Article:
Study: Virginia needs improvement for women’s health

healthcareVirginia Organizing released the Alliance for a Just Society’s “2014 Women’s Health Report Card” today, which ranked Virginia as number 25 with a grade of “C.” The report card provides important information on Virginia’s record on women’s health as lawmakers continue to stall Medicaid expansion for working Virginians.

“It is time that Virginia legislators put Virginians first,” said Sandra A. Cook, Chairperson of Virginia Organizing. “We can’t continue to fail women for the sake of politics. The first step to a healthier, better Virginia is expanding Medicaid.”

Virginia Organizing calls on Speaker of the House of Delegates Bill Howell to stop stalling and find a solution for Virginian women,” Cook said.

The Urban Institute estimates that 169,000 women would benefit from Medicaid expansion in Virginia.

The 2014 Women’s Health Report Card for Virginia is available here.

Virginia’s final rank and grade were based on three areas: health coverage for women, women’s access to health care, and women’s health outcomes.

Looking at women’s health by race, the report card finds Virginia is doing an even worse job meeting the needs of women of color, who are uninsured at higher rates and also face worse health outcomes than women overall, adding urgency to the debate over Medicaid expansion.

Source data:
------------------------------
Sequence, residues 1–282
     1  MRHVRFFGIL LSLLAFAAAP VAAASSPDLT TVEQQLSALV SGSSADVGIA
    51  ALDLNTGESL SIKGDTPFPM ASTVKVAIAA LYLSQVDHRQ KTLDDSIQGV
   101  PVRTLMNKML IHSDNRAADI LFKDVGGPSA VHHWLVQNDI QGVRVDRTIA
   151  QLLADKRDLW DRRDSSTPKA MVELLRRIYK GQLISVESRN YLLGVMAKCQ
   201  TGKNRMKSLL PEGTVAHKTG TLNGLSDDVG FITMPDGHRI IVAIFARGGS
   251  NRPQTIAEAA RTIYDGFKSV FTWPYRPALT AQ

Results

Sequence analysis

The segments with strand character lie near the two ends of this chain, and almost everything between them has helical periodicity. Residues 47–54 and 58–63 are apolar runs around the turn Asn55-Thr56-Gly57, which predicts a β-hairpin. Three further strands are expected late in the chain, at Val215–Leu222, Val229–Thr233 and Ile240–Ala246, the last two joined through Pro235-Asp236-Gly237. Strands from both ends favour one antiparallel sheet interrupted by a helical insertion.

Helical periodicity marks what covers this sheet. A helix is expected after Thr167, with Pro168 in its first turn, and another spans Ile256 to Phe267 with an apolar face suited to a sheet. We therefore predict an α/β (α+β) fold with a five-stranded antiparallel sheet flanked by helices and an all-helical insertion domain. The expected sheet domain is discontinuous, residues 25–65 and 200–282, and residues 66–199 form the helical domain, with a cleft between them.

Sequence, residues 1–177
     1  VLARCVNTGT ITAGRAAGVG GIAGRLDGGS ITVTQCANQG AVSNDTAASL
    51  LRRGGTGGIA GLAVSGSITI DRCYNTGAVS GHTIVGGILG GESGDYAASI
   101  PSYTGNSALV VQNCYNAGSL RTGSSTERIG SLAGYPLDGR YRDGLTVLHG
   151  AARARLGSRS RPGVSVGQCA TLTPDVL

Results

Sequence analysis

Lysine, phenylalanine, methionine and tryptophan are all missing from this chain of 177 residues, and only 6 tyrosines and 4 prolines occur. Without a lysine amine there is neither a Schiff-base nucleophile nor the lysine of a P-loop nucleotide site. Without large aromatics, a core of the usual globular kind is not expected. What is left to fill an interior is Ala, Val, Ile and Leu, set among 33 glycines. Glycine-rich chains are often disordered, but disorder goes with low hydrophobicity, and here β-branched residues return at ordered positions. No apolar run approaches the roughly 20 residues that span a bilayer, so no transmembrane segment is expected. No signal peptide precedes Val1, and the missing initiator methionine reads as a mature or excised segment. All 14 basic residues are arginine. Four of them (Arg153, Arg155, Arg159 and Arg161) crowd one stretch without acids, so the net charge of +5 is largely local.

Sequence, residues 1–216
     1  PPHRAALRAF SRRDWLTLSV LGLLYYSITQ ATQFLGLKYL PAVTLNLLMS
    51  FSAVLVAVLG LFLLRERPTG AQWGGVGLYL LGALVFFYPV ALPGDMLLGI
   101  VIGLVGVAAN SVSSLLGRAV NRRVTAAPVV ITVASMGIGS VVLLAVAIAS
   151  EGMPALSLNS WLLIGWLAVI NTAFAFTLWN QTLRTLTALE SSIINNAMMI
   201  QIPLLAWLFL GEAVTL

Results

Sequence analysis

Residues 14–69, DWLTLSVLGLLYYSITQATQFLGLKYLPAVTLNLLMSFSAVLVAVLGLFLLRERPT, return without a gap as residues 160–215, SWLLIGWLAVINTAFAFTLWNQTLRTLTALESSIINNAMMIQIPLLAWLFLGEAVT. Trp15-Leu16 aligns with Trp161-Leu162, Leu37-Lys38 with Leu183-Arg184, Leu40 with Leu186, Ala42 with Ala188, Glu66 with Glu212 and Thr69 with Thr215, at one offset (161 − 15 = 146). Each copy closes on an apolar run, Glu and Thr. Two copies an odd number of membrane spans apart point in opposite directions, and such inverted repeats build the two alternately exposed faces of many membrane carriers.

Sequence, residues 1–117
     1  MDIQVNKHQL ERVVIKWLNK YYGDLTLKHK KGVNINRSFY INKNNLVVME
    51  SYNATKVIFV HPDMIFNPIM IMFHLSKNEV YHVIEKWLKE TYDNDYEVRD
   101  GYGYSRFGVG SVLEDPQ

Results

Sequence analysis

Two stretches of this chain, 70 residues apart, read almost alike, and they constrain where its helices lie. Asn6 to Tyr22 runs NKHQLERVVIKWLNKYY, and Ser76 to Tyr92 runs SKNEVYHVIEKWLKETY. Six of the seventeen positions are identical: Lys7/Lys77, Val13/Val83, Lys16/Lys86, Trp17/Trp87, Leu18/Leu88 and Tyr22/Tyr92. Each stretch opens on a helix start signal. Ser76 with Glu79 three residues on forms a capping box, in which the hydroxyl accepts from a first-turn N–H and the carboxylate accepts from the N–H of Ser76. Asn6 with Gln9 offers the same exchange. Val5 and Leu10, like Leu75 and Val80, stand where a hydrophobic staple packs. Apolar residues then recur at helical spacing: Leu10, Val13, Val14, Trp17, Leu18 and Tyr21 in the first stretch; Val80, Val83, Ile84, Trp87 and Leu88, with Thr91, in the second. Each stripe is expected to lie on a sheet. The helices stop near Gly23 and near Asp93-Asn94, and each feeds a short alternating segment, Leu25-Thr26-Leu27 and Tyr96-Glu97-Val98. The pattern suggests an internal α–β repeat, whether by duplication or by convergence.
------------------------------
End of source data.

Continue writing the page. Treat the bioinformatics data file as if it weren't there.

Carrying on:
“It’s time for politicians to put aside partisan bickering, start advocating for women, and take action to improve women’s health by expanding Medicaid,” said LeeAnn Hall, executive director of the Alliance for a Just Society, which produced the report card. “Our families, our communities, and our economy depend on womenwomen must be able to depend on Virginia to deliver on the promise of quality, affordable health care.”

The 2014 Women’s Health Report Card uses the latest available data from government sources to rank Virginia among the 50 states on 30 measures (and more than 50 individual data points) relating to women’s health issues. It generates state rankings and grades, analyzes race-based disparities, and includes specific recommendations for state action to improve women’s health.


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